Like all medicines, Truvadacan cause side effects, although not everybody gets them.

Tell your doctor about any of the following side effects:

Very common side effects

(These can affect at least 10 in every 100 patients treated)

  • diarrhoea, being sick (vomiting), feeling sick (nausea), dizziness, headache, rash
  • feeling weak, weakness (if creatine kinase levels in the blood are increased)
Tests may also show:

  • decreases in phosphate in the blood

Common side effects

(These can affect 1 to 10 in every 100 patients treated)

  • pain, stomach pain
  • difficulty sleeping, abnormal dreams
  • problems with digestion resulting in discomfort after meals, feeling bloated, flatulence
  • rashes (including red spots or blotches sometimes with blistering and swelling of the skin), which may be allergic reactions, itching, changes in skin colour including darkening of the skin in patches
  • other allergic reactions, such as wheezing, swelling or feeling light-headed
Tests may also show:

  • low white blood cell count (a reduced white blood cell count can make you more prone to infection)
  • increased triglycerides (fatty acids), bile or sugar in the blood
  • liver and pancreas problems

Uncommon side effects

(These can affect at least 1 in every 1,000 patients treated, but less than 1 in every 100 patients treated)

  • anaemia (low red blood cell count)
  • pain in the abdomen (tummy) caused by inflammation of the pancreas
  • breakdown of muscle, muscle pain or weakness
  • swelling of the face, lips, tongue or throat
Tests may also show:

  • decreases in potassium in the blood
  • increased creatinine in your blood
  • changes to your urine

Rare side effects

(These can affect at least 1 in every 10,000 patients treated, but less than 1 in every 1,000 patients treated)

  • lactic acidosis (excess lactic acid in the blood) is a serious side effect that can be life-threatening. The following side effects may be signs of lactic acidosis:
  • deep rapid breathing
  • drowsiness
  • feeling sick (nausea), being sick (vomiting) and stomach pain
If you think you may have lactic acidosis, contact your doctor immediately.

  • back pain caused by kidney problems, including kidney failure. Your doctor may do blood tests to see if your kidneys are working properly.
  • fatty liver
  • yellow skin or eyes, itching, or pain in the abdomen (tummy) caused by inflammation of the liver
  • inflammation of the kidney, passing a lot of urine and feeling thirsty
  • softening of the bones (with bone pain and sometimes resulting in fractures)
Tests may also show:

  • damage to kidney tubule cells

The breakdown of muscle, softening of the bones (with bone pain and sometimes resulting in fractures), muscle pain, muscle weakness and decreases in potassium or phosphate in the blood may occur due to damage to kidney tubule cells.

Other possible effects

Children who were administered emtricitabine, one of the components of Truvada, also experienced anaemia (low red blood cell count), commonly and changes in skin colour including darkening of the skin in patches, very commonly. If the production of red blood cells is reduced, a child may have symptoms of tiredness or breathlessness.

Truvada may change your body shape, by changing the way body fat is distributed. You may lose fat from your legs, arms and face; gain fat around the abdomen (tummy) and internal organs; get larger breasts or fatty lumps on the back of the neck (?buffalo hump?). The cause and the long-term effects of these changes are not yet known.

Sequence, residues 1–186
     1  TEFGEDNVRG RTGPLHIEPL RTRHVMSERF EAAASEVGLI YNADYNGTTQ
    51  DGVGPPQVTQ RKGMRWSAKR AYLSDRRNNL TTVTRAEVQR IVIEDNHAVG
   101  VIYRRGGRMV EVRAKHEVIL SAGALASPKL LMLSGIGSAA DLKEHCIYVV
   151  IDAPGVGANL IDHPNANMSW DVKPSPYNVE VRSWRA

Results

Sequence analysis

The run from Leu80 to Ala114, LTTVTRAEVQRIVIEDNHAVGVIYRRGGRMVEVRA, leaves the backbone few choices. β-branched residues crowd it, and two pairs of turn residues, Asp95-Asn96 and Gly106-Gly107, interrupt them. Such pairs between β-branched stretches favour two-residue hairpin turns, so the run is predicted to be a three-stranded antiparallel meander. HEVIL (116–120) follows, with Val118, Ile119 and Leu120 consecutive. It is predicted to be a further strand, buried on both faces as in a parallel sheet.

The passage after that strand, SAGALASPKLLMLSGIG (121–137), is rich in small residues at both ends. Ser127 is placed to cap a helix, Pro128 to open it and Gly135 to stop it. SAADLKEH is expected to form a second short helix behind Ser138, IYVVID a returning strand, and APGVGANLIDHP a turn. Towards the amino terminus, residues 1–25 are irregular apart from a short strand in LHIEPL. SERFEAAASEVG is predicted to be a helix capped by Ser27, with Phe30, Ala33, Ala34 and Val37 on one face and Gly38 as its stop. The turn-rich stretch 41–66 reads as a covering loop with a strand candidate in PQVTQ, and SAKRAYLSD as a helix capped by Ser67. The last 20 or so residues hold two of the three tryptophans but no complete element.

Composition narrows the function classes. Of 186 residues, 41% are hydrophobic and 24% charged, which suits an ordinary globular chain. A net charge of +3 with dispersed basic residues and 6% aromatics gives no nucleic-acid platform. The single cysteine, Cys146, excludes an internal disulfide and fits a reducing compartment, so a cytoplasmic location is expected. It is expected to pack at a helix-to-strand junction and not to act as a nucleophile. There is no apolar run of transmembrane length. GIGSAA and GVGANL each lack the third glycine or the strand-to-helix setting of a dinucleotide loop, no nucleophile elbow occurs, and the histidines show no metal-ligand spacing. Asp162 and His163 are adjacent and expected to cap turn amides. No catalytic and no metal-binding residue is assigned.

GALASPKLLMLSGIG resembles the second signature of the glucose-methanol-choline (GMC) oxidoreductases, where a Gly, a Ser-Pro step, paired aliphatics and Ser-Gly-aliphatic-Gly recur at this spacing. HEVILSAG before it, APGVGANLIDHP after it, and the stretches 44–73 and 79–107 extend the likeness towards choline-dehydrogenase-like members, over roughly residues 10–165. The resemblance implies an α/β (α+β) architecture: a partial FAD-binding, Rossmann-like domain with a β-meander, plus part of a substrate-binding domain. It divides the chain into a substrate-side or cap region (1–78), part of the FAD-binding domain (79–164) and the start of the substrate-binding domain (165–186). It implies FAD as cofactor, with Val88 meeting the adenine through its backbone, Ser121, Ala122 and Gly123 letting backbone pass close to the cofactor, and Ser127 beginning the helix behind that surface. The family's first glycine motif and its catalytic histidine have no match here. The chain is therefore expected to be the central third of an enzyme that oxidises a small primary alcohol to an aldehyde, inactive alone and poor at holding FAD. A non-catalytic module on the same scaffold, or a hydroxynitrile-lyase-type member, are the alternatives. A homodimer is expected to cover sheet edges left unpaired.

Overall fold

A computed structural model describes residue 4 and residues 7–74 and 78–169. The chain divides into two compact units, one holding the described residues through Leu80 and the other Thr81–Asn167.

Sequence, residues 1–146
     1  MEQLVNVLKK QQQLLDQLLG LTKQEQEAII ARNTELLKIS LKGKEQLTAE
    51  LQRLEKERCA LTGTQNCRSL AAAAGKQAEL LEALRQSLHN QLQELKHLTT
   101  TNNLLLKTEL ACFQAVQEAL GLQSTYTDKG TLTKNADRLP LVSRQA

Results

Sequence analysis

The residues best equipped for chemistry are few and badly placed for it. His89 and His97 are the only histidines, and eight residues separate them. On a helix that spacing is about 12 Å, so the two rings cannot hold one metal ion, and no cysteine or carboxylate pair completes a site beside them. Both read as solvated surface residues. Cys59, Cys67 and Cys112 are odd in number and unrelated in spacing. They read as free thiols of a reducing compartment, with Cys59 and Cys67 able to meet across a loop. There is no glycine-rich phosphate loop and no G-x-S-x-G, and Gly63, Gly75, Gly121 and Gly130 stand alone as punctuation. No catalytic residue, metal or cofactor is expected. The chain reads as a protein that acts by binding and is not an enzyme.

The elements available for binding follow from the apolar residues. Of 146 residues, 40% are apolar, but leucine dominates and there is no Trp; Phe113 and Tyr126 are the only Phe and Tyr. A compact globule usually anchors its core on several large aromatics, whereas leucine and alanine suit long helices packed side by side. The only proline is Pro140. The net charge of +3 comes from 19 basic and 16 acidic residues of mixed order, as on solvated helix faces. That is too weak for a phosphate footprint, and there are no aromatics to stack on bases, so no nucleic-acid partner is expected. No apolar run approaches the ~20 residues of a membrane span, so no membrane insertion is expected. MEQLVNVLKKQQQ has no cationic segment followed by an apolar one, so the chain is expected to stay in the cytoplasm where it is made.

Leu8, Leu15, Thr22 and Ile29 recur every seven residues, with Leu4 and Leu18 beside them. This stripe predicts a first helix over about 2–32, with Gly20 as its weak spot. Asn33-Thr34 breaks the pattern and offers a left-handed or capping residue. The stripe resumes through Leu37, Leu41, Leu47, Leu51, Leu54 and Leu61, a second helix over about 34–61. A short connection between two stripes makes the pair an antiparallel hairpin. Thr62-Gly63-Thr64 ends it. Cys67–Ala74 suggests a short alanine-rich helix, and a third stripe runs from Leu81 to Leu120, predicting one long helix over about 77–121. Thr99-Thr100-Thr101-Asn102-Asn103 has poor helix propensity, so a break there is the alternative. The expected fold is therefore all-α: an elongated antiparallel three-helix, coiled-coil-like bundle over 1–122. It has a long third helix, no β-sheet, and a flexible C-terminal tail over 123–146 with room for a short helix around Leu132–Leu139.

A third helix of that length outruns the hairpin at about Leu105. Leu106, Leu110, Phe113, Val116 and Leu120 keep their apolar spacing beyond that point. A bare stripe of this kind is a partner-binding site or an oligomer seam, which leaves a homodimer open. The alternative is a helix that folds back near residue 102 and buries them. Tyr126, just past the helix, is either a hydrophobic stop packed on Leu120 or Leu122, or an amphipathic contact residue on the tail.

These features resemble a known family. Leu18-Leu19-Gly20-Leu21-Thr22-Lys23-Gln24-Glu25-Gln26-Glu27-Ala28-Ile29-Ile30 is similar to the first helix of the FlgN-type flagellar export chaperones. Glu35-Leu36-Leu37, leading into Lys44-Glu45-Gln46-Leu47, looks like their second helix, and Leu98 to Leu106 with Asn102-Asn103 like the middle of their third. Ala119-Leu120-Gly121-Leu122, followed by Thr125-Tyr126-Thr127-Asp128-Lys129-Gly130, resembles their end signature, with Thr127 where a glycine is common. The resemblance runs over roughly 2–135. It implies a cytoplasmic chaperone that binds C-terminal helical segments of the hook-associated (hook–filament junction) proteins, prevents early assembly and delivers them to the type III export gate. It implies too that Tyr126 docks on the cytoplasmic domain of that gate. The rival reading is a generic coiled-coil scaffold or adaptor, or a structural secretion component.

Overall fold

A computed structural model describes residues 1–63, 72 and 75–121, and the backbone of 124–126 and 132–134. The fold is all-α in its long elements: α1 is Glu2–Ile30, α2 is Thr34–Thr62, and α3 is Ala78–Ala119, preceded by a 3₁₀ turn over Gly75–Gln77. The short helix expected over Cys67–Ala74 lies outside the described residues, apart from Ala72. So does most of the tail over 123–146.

Truvada may also cause hyperlipaemia (increased fats in the blood) and resistance to insulin. Your doctor will test for these changes.

If any of the side effects get serious, or if you notice any side effects not listed in this leaflet, please tell your doctor.

How should it be stored?

Keep out of the reach and sight of children.

Do not use Truvada after the expiry date which is stated on the bottle and carton after {EXP}. The expiry date refers to the last day of that month.

Store in the original package in order to protect from moisture. Keep the bottle tightly closed.

Medicines should not be disposed of via wastewater or household waste. Ask your pharmacist how to dispose of medicines no longer required. These measures will help to protect the environment.

Further information

What Truvada contains

  • The active substances areemtricitabine and tenofovir disoproxil. Each Truvada film-coated tablet contains 200 mg of emtricitabine and 245 mg of tenofovir disoproxil (equivalent to 300 mg of tenofovir disoproxil fumarate, or 136 mg of tenofovir).
  • The other ingredients are croscarmellose sodium, glycerol triacetate (E1518), hypromellose (E464), indigo carmine aluminium lake (E132), lactose monohydrate, magnesium stearate (E572), microcrystalline cellulose (E460), pregelatinised starch (gluten free) and titanium dioxide (E171).
What Truvada looks like and contents of the pack

Truvada film-coated tablets are blue, capsule-shaped tablets, engraved on one side with the word ?GILEAD? and on the other side with the number ?701?. Truvada comes in bottles of 30 tablets.

The following pack sizes are available: outer cartons containing 1 x 30 film-coated tablet and 3 x 30 film-coated tablet bottles. Not all pack sizes may be marketed.

Marketing Authorisation Holder and Manufacturer:

Marketing Authorisation Holder:
Gilead Sciences International Limited
Cambridge
CB21 6GT
United Kingdom

Manufacturer:
Gilead Sciences Limited

IDA Business & Technology Park

Carrigtohill

County Cork

Ireland

For any information about this medicine, please contact the local representative of the Marketing Authorisation Holder.

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Lietuva
Gilead Sciences International Ltd
Tel: + 44 (0) 20 7136 8820

This leaflet was last approved in